Honda Left Waymo for Cruise Automation

Honda-Waymo deal collapsed due to strictly-limited tech access

Collaboration was almost intertwined between Honda and Waymo when both discussed in depth about developing autonomous cars together. The former, however, decided to walk away earlier this year. So in the end, there is no meeting point between the two.

Why did the deal fail? And a few months later Honda chose to partner with GM’s Cruise Automation instead? This time of course the Japanese company feels more familiar with its new ally than with the previous one which is a tech heavyweight.

There are several reasons that caused the synchronization failure with Waymo, with the most pressing one being the competition between the tech company and the car maker that blocked the path towards cooperation. Honda and Waymo were supposed to work together, but at the same time they also compete in developing future cars.

Waymo didn’t want to be open to Honda about its data of autonomous car development. What it wanted was an agreement where Honda would act only as a vehicle supplier, according to people familiar with the matter. In essence, the tech company wanted to be the brain of this project and have Honda as the brawn – a relationship that sounded unappealing to the latter.

Control of technology seems to be something that Waymo can’t share with its partners, and Honda is no exception, of course. On the other hand, the Japanese automaker wants to maintain a degree of control, so it couldn’t just be an EV supplier.

Waymo needs more power for its self-driving system, and it thought Honda might be able to help meet the need. The talks started in late 2016, when the latter revealed to the former its plan to build a Tesla Model 3-competing electric car. Apparently, Waymo was concerned about Honda’s progerss towards its goal. And by the end of 2017, the Japanese auto giant began going separate way.

Honda is pretty much a beginner in the EV area. It was looking for good battery units to power its upcoming car. GM has what Honda needs and was ready to cooperate in developing future batteries. So the two reached a deal in June that would allow the Japanese company to use GM’s battery technology. This is a mutually beneficial relationship, which gives Honda access to quality batteries while at the same time its partnership with GM could help both companies reduce costs.

It didn’t take long until the two started discussing about working together on self-driving cars, too. In 2017, GM had shown what it self-driving vehicles could do. The project gained credibility in May 2018 when Japan’s SoftBank invested $2.25 billion in it.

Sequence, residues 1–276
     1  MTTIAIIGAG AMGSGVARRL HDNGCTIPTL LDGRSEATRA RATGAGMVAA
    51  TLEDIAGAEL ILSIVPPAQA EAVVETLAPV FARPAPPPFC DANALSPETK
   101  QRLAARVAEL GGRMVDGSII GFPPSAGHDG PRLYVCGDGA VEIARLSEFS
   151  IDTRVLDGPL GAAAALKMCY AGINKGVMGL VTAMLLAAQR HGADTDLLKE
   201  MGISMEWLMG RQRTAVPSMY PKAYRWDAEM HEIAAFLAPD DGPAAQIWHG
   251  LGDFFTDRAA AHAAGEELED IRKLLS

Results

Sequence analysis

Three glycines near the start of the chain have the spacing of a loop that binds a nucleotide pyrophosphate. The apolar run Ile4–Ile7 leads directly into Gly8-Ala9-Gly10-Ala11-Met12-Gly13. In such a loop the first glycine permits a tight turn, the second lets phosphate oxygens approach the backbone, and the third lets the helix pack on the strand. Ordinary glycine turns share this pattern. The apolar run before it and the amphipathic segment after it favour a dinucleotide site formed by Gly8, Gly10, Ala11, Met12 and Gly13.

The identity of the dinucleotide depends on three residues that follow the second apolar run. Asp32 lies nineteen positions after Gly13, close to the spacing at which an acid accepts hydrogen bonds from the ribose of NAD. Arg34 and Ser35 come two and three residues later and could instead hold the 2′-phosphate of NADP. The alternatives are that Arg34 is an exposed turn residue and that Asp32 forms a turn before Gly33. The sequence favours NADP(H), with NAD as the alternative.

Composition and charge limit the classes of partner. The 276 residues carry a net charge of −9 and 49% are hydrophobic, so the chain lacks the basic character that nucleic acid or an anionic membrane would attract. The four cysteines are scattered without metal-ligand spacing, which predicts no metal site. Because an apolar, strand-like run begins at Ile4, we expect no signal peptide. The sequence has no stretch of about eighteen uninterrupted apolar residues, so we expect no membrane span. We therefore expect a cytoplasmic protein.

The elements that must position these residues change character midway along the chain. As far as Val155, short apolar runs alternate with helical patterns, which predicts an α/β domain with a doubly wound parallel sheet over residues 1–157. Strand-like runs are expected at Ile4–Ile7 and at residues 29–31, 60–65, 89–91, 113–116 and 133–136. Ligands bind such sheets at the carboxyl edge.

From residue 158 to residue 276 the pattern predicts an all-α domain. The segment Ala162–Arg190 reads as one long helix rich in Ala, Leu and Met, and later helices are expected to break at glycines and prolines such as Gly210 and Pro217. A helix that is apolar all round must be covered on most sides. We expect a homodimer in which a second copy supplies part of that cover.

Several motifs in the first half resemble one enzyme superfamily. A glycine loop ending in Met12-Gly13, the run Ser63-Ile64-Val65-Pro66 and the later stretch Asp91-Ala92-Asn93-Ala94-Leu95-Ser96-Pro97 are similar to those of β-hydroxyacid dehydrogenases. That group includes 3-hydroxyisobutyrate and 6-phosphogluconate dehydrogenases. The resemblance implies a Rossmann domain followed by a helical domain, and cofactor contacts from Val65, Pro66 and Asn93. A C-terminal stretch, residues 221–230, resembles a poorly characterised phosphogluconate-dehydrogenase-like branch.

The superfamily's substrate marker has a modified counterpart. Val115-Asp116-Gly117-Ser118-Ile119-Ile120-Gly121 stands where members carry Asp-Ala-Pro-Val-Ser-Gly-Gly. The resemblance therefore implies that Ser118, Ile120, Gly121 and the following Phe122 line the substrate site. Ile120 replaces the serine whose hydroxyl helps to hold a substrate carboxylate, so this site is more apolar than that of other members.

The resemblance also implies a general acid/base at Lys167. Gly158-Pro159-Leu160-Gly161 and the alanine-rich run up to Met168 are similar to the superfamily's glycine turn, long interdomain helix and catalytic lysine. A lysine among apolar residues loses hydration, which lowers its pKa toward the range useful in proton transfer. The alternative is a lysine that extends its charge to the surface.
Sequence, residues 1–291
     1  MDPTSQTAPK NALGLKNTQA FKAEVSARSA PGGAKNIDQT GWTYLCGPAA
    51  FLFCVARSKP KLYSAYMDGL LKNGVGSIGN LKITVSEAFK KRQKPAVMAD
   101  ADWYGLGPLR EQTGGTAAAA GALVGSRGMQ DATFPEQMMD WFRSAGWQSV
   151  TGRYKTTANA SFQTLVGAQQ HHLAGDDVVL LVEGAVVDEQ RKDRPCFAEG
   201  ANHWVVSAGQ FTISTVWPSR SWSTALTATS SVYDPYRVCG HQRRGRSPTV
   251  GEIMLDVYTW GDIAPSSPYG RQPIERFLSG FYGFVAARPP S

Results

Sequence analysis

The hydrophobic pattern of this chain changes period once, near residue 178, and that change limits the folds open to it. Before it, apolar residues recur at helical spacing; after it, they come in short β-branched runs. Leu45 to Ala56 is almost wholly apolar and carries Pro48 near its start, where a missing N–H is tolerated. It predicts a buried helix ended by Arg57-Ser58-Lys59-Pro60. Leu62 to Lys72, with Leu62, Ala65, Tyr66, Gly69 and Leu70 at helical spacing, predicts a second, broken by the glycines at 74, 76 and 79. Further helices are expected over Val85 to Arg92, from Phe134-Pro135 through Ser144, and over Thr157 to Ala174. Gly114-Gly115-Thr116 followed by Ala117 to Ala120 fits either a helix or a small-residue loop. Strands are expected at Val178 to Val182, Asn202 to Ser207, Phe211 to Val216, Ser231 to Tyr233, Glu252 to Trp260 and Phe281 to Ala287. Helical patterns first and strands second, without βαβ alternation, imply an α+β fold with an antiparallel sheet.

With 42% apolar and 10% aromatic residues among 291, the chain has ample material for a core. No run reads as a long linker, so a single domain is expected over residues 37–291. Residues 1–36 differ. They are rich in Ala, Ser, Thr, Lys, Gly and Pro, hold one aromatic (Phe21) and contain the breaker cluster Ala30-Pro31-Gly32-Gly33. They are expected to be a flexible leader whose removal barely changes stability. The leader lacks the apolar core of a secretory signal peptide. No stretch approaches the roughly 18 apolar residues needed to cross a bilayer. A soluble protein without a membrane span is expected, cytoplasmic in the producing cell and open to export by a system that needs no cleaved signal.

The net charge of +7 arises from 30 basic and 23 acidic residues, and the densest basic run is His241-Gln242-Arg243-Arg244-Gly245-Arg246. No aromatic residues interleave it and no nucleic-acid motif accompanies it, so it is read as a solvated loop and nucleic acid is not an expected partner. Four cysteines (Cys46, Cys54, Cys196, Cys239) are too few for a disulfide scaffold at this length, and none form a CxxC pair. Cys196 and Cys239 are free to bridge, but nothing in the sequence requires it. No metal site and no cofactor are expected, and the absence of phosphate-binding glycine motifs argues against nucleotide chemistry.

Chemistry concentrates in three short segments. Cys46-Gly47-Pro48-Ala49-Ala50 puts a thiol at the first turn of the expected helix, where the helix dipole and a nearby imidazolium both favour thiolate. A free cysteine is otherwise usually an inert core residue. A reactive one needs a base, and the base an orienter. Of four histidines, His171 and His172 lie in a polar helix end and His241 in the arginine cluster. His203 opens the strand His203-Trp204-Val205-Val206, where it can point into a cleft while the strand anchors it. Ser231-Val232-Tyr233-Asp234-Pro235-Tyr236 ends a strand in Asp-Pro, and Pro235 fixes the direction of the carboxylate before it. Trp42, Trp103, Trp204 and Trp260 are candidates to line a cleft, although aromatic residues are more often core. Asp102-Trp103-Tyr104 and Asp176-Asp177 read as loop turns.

Honda employees had been visiting San Francisco for the past few months, to learn more about Cruise Automation’s technology. The company’s engineers got to check out closely and observe how Cruise’s self-driving system works. Such access was completely denied when Honda was with Waymo.

GM’s openness has led to a deal in which Honda hands the Detroit automaker $2.75 billion in exchange for a 5.7 percent stake in Cruise, giving the company a value of around $14.5 billion, which is great for GM. As for Honda, it now has a reliable ally on EV batteries.

The previous deal that collapsed is not a loss for Waymo, although the tech company and Honda refused to comment on the matter. Meanwhile, the new deal with Cruise was actually a continuation of pre-existing cooperation with the Japanese automaker on new technologies, according to Cruise’s CEO Kyle Vogt.

If Honda was to stay with Waymo, it would never get a stake as the parent company Alphabet is not interested in selling any. The American conglomerate has other businesses like Verily unit that focuses on health-care technology and has sold interests. In 2017, the Google’s sister-company received a $800 million investment from Singapore-based Temasek.

Let’s say Waymo was willing to sell a stake to Honda, still it would be a very expensive purchase for the automaker. That’s because the tech company has a value well above $100 billion, making even a little investment very costly. Besides, Alphabet also has over $100 billion in cash, which means that it is fully capable of funding Waymo alone without outside support.

For Honda, partnering with GM is an important step towards autonomy. The investment is also shared, so things are more affordable and lighter to handle. Thanks to this good relationship Cruise gains the cash it needs to further push its technology forward. New possibilities are also open for it to access the Japanese market for ridesharing and transport services.

Despite the failure of the recent talks, Honda could still establish other type of collaboration with Waymo in the future. The tech company already has a partnership with Fiat Chrysler Automobiles (FCA) that lets it inject its autonomous driving technology into the Chrysler Pacifica minivans. It also has a similar deal involving Jaguar’s I-Pace electric SUV. At least 80,000 EVs have been supplied by those automakers to Waymo, which does the tech-installation job itself.

Waymo is in discussions with FCA about licensing its self-driving system so the automaker can sell autonomous cars to private buyers. Such a deal is not expected to be reached in the near future though.

In contrast to Waymo, Cruise is more open to its associates. It’s even ready to accept more carmakers as new allies. According to Vogt, the company is “evolving rapidly” and “will talk to any partner”.

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